Denise Yohn
Guest
4 months 3 days ago

I agree as well. I do think Starbucks is a good example of a brand that has stayed true to its origins despite its growth. Other examples?

Ian Percy
BrainTrust
The first branding expert may have been Moses. He wrote “Be sure your sin will find you out.” Hear that Wells Fargo? Nissan? VW? Tobacco companies? Enron? Bernard Madoff? “Culture” is a word that captures who we are, what we believe and how we interact with the world. “Brand” is the evidence or declaration of that culture. Sometimes organizations aren’t sure who they are so they try to create something. Other times organizations try to compensate with clever branding because they know they have sinned. I’m sorry, slogans, clever marketing copy and new golf shirts will not save your soul. I had a hospital client where some awful things had gone on. In an effort to “re-brand” the CEO stood at the door one morning and handed out “We Care!” buttons to staff coming on shift. Many of the depressed and discouraged staff literally said, “no we don’t” and refused to take a button. Look, like painting over rust, sooner or later who we really are will be seen by the world around us. True… Read more »
Rich Kizer
BrainTrust
I think we make branding integration far too hard. First of all, in my opinion, the brand is the feeling (emotion) customers possess in their mind (positioning) when they see, think of or hear our name. It is true that everyone in the company must understand the emotional picture that brands create. And they must all understand their role in supporting it. Years ago, a slogan (not the brand) of a company was: “when you absolutely, positively need it the next day …” It created that emotion, and emotion supports the brand. So everyone working at that time took pride in their performance as team members. Employee integration into the brand is also strongly demonstrated with the Zappos yearbook, featuring each employee and their role in the brand. Everyone knows and lives their role with pride. It is extremely important that everyone, from the C-suites to the front-line employees constantly talk and live the values and importance of the brand. When pride occurs in this arena, explosions take place. We all need to occupy an… Read more »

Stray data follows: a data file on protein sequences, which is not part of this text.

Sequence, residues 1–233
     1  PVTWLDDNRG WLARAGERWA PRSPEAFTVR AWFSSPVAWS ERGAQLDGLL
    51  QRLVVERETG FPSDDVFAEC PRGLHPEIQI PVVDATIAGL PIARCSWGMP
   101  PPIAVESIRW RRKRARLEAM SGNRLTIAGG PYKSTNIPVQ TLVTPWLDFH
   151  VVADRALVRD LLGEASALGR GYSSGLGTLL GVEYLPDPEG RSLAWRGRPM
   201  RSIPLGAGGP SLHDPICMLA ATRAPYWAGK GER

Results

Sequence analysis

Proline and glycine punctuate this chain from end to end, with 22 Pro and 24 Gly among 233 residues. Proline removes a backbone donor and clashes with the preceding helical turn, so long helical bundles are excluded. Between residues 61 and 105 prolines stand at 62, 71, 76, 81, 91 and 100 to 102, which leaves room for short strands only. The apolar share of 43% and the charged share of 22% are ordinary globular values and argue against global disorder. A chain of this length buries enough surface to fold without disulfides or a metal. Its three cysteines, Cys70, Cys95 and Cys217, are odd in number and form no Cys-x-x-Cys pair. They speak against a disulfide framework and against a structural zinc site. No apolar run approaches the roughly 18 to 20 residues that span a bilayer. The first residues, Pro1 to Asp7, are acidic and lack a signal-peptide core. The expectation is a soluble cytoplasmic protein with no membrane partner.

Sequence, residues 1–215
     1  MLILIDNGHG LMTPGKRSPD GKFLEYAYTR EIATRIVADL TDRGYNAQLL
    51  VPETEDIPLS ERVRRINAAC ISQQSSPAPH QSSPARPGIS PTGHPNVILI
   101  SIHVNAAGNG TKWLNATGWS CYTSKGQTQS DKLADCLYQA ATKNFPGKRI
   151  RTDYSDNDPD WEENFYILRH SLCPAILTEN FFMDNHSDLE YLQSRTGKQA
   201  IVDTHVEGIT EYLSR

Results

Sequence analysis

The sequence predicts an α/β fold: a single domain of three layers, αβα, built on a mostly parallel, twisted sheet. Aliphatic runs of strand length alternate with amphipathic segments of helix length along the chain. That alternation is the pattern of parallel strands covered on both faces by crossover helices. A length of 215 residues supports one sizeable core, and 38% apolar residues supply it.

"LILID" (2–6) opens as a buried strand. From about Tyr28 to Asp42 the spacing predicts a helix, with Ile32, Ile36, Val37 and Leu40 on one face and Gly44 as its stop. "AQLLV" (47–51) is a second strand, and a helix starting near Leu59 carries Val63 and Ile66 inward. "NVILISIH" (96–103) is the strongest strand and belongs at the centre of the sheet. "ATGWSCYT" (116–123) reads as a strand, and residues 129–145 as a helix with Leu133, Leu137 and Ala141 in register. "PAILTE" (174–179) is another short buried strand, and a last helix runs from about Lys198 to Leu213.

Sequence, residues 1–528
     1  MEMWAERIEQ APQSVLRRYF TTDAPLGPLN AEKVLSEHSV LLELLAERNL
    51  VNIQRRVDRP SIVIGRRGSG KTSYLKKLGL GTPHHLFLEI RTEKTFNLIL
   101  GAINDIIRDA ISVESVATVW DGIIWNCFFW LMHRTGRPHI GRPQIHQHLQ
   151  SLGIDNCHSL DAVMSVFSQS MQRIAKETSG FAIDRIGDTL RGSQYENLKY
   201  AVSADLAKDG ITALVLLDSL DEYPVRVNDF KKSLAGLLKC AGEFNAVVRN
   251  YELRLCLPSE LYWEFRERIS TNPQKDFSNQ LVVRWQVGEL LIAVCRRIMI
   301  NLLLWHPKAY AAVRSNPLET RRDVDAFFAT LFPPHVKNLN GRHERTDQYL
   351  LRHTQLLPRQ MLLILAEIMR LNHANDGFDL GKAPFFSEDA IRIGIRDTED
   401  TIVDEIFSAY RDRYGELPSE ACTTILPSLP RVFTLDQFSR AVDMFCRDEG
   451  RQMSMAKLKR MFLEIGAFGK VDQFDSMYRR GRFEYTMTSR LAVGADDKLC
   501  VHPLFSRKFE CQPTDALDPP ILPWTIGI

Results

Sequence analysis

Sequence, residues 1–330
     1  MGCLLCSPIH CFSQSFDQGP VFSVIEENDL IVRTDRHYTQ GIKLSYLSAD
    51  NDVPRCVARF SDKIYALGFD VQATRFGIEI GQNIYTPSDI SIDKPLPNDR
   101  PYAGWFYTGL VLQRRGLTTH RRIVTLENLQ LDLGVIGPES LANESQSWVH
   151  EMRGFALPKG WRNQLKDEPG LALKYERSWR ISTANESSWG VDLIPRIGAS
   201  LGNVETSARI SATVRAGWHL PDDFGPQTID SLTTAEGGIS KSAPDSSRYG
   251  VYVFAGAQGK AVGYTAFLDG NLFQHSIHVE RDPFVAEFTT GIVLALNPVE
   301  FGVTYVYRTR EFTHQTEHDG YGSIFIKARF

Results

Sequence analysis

Doug Garnett
BrainTrust

Some things need to “happen” — not be manufactured. An intentional, bureaucratic, corporate-led project to create “authentic” culture fused to brand is a train wreck. Sure, it sells nicely to the board — but customers will know it’s not the least bit authentic.

What leads to this answer are executives who set the company focus on what matters (service, quality, responsiveness) and management practices that don’t impede people’s natural impulses to deliver these things.

Sadly, it’s rare to find a company focused on doing the work — which is what motivates employees most. Instead, politics, quick successes, etc… tend to win the day.

Whether this research is accurate or not, a direct attempt to fuse brand and culture is not a good idea. Instead, focus on delivering something exceptional to customers. The result will be a great brand and culture.

Denise Yohn
Guest
4 months 3 days ago

Doug, you’ll probably not be surprised to hear I disagree that a “direct attempt” is not necessary — but I don’t disagree that leaders should focus on what matters and engage in management practices that support it. To me, that’s part of deliberately aligning and integrating brand and culture.

Ralph Jacobson
BrainTrust

Although brand loyalty is at an all-time low when looking at the current, value-driven consumers’ marketplace, I also believe that those relatively few companies that drive real, measurable brand value are succeeding because of living their culture via social channels, external campaigns and other activities. Those companies have achieved awareness in the consumers’ minds such that their brand means something beyond their products. If your company doesn’t “live” the intended culture internally, then the external perception will not be what marketing intended.

Sterling Hawkins
BrainTrust

Wharton is right on with this. A brand that’s not grounded in culture is inauthentic and that comes through (especially these days) in the marketplace. A brand (done right) is really an extension of culture that is bigger than any product or service that might be offered.

Gabriela Baiter
BrainTrust